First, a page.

2:37 PM CDT, August 1, 2012
No theater in Chicago sells out more quickly than the Steep Theatre on Chicago's North Side.
Consider. The entire initial run of "Moment," the current production of the play by Irish playwright Deirdre Kinahan was sold out within about 48 hours of opening night. Shortly afterward, Steep added several performances. They were gone in a matter of minutes, mostly through Twitter. A week or two after that, Steep announced a three-week extension. About a third of the available seats were gone in an hour, the rest within a day. At the time of this writing, the only way you can get in to see director Jonathan Berry's production is by attending Steep's benefit night, and coming up with an extra 30 bucks, for the Care for Real food pantry in the Edgewater neighborhood on Sept. 8. And you'd better move fast there, too.
Granted, Steep is a small theater (less than 70 seats) and "Moment" got mostly excellent reviews, including one from me. But this isn't Lollapalooza. It's a new play by a writer of whom very few folks in Chicago have even heard. And Steep, which has an annual budget of only $140,000, doesn't have much money for marketing. Yet, as the theater well knows, hundreds, if not a couple of thousand, potential ticket buyers have been turned away. And Steep, a very cautious ensemble-based theater that has clearly been reluctant to embrace some elements of its own success, in the great Chicago tradition of such resistance, is beginning to see that it is at a point of decision.
One of its key actors, Caroline Neff (whom you can currently see in Anna D. Shapiro's production of "Three Sisters" at the Steppenwolf Theatre Company) has joined the Actors' Equity union, which has motivated Steep to begin talks with the union about becoming an Equity theater. Peter Moore, one of the founders, said in an interview this week that Steep also is thinking about expanding into one or two of the neighboring storefronts or maybe moving to a larger theater, assuming the intimacy of its work can be maintained.
"We actually had a similar decision point six or seven years ago," said co-founder Alex Gillmor, "when Peter and I asked ourselves whether we wanted to build this company or move to Los Angeles and build our own careers instead. We decided to stay. This is a family we've built here. We love each other so much and we want success for everyone. We've both got kids. We're not moving anywhere."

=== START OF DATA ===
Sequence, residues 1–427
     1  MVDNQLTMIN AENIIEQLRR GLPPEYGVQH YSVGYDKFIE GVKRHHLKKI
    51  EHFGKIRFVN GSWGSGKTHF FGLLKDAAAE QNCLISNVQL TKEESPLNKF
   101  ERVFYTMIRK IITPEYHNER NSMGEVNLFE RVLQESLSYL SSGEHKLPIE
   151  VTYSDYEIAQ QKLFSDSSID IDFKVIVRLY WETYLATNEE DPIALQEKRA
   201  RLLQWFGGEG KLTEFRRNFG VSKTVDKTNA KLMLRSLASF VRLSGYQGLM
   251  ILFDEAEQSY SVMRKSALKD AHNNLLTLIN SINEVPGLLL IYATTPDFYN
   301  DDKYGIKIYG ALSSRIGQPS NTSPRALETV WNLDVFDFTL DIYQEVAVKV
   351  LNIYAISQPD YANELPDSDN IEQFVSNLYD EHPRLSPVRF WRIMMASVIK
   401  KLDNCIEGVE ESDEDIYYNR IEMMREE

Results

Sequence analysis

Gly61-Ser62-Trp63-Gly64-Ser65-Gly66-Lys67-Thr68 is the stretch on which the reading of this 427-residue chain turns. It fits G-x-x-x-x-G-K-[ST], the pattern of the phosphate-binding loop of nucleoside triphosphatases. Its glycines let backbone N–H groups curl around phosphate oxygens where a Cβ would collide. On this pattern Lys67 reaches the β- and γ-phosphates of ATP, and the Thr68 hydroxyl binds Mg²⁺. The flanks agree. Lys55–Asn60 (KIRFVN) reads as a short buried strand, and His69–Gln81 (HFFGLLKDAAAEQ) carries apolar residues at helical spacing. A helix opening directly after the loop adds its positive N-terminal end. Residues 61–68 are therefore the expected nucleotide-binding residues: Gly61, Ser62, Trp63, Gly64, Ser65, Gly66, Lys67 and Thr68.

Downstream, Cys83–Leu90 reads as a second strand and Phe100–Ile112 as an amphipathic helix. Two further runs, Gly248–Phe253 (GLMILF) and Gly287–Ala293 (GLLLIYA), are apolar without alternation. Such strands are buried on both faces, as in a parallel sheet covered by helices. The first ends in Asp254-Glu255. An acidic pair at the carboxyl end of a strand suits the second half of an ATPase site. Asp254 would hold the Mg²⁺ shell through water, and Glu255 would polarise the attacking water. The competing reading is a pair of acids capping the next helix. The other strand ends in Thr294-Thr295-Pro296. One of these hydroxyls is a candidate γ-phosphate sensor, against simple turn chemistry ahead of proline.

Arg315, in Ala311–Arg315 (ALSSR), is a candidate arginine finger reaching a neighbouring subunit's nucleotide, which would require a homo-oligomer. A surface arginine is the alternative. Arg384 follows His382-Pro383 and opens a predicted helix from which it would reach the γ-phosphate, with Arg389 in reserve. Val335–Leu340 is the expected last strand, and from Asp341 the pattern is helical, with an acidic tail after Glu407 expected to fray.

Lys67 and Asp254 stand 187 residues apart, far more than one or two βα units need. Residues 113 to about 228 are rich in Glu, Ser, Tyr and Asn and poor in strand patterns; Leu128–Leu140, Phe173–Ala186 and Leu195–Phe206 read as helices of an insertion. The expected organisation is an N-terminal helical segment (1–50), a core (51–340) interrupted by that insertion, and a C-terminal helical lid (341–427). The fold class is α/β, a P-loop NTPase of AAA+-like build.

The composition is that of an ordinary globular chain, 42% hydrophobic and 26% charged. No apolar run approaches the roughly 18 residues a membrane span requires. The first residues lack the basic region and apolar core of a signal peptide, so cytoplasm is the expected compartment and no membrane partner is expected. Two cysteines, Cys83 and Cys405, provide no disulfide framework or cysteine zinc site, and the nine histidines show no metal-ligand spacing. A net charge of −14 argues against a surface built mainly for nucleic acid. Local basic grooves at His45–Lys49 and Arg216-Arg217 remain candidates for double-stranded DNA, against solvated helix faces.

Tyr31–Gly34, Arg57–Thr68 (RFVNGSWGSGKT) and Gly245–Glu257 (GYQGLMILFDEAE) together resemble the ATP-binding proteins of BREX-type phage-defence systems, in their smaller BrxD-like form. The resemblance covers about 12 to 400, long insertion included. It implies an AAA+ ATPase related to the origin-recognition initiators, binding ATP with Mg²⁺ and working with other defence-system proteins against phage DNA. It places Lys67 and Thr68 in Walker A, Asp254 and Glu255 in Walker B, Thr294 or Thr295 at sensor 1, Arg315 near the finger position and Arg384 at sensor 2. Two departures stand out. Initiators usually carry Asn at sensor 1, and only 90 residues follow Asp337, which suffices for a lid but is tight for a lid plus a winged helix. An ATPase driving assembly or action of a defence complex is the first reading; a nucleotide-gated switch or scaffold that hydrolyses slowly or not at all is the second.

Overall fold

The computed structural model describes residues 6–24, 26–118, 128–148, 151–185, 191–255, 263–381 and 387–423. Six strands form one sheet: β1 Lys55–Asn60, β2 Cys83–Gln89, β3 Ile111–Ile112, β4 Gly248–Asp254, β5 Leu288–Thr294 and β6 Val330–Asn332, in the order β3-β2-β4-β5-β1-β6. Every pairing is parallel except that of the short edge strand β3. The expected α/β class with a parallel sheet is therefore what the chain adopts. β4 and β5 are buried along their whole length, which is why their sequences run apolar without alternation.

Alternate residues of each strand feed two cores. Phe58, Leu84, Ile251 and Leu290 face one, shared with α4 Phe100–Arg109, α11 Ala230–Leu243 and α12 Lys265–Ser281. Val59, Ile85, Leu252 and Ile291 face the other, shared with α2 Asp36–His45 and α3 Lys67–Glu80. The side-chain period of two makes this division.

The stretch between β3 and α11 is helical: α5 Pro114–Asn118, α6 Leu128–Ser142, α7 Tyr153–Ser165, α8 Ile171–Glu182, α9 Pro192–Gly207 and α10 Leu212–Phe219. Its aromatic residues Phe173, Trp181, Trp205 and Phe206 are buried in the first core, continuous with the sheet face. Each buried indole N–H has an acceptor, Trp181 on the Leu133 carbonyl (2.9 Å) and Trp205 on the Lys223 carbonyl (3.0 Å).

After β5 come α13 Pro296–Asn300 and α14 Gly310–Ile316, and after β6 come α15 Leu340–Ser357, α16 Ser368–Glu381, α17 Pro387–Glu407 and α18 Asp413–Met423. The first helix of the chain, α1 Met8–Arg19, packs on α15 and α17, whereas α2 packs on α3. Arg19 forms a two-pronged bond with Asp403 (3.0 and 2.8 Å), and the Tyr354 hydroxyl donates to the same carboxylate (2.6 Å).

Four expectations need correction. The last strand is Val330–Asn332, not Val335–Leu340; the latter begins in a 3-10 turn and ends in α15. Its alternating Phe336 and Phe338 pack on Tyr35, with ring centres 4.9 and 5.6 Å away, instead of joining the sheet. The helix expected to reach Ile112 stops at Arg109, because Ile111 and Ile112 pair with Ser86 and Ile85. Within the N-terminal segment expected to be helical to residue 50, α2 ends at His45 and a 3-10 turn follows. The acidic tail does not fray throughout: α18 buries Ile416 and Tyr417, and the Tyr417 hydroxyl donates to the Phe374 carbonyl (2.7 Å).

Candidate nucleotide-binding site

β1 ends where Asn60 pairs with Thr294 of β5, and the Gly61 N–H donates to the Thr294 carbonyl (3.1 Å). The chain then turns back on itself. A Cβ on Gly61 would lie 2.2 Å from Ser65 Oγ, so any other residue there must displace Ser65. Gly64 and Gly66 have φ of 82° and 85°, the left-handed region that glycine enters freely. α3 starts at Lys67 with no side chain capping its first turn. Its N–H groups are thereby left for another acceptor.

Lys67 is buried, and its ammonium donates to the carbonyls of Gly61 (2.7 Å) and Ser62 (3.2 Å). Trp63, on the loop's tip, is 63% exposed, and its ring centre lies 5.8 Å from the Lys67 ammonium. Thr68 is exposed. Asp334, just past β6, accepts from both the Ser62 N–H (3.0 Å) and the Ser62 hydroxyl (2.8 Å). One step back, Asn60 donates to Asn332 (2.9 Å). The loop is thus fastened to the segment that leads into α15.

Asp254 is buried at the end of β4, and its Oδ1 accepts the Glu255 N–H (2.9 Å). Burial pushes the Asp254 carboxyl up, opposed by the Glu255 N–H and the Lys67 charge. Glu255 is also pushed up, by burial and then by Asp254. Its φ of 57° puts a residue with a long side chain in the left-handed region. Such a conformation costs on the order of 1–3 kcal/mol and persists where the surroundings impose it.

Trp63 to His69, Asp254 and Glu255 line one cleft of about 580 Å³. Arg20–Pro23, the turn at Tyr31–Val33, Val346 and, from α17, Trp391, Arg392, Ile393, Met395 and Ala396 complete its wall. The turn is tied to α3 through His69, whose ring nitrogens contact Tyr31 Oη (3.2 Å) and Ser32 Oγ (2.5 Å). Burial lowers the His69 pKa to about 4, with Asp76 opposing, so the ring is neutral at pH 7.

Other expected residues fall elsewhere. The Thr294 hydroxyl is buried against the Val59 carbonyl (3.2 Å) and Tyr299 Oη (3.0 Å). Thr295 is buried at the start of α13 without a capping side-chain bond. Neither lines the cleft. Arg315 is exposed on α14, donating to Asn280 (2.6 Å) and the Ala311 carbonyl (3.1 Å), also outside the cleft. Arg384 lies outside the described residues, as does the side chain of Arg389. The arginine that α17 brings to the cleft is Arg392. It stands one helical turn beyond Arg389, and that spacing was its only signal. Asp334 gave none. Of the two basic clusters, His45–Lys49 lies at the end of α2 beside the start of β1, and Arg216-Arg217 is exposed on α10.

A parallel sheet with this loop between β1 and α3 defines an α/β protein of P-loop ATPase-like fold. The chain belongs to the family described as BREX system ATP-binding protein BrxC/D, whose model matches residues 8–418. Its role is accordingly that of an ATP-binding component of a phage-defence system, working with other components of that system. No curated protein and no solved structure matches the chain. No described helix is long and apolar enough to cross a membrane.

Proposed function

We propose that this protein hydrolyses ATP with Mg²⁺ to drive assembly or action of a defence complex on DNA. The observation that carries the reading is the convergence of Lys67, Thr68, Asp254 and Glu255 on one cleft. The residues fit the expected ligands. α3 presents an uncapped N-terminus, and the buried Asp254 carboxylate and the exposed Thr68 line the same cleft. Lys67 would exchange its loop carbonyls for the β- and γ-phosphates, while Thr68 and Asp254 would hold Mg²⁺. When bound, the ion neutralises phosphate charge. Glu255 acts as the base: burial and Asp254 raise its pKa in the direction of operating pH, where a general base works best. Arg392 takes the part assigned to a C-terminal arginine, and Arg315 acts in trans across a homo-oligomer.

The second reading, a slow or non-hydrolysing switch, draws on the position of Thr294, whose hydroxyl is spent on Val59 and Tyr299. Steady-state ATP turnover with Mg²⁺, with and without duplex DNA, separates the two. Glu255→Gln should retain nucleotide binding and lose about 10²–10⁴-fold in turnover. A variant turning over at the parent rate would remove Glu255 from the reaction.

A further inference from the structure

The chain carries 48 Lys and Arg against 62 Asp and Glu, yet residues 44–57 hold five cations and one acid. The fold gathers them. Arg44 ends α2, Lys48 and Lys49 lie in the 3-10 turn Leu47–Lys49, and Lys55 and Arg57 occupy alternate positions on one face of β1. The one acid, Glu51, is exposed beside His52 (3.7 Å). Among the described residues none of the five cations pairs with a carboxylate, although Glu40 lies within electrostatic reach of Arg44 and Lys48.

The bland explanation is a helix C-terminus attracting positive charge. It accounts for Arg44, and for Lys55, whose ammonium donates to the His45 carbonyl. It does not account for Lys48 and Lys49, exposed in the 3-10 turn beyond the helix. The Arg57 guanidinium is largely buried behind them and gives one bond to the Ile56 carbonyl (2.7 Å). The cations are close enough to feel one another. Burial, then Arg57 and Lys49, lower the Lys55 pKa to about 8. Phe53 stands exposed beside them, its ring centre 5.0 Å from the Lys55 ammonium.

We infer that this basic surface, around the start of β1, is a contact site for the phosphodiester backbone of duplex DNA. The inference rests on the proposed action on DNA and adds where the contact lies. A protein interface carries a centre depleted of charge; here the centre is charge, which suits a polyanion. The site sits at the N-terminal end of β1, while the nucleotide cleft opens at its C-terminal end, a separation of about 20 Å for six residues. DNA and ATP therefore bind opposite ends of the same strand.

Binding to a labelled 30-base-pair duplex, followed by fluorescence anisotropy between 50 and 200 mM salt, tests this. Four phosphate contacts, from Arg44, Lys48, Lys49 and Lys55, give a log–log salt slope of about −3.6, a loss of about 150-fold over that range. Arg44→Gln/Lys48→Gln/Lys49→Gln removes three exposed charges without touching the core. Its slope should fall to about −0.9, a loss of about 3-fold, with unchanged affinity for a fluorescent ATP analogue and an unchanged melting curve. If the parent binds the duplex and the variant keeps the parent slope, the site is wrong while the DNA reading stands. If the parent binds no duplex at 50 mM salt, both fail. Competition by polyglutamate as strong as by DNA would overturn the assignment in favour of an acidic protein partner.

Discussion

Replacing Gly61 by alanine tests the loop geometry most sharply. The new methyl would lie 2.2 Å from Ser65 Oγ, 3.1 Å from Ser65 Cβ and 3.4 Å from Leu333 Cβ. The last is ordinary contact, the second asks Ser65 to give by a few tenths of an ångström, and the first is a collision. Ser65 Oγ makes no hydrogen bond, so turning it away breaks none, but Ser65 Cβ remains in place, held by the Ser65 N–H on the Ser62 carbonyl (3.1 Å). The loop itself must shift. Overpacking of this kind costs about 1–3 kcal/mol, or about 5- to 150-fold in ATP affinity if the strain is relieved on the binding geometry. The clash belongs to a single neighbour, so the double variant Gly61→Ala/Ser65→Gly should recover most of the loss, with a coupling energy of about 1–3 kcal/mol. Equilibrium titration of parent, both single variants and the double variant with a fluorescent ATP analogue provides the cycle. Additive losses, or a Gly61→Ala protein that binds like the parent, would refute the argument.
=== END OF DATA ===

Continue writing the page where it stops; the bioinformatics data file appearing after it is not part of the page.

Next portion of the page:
"Nobody is looking at Steep as the springboard to the next level," Moore said. "I think we're all hoping Steep will take us to that level."
Steep actually was founded in 2001 by Gillmor, Moore and Alex Gualino (who subsequently left the company). Its new theater on Berwyn Avenue (a key factor in the company's growth because it enabled audiences to find their work) opened in 2008.
Initially, Gillmor says, it was tough.
"We know how fragile the whole thing is," he said. "Before 'Harper Regan' went up, which was our first really big hit, we were struggling to pay the rent. We thought there was no way this was going to happen again. But now it's happened again. Several times."
What's really happened, of course, is the arrival of an audience — a general audience that has seen enough good stuff at this theater to figure out it can be trusted to do the kind of work it likes. Steep, in many ways, is in a similar position to TimeLine Theatre about five years ago. TimeLine has now established itself as a vital Chicago theater company. Steep seems poised to do the same.
TimeLine also shrewdly managed its own growth, slowly adding full-time staffers, improving the audience experience and being smart enough to build capacity and lengthen runs. Steep was slower to do that with "Moment," but Moore and Gillmor both say they are coming to a fuller understanding of the amount of demand out there for their best work.
All that said, "Moment" has to close after the current extension to make way for the fall season, which includes Ethan Lipton's "Luther" (a black comedy about a family that adopts a military veteran withpost-traumatic stress disorder) and "The Knowledge" by John Donnelly (a new British play about a beginning teacher in a tough school).
Clearly, Steep needs another space.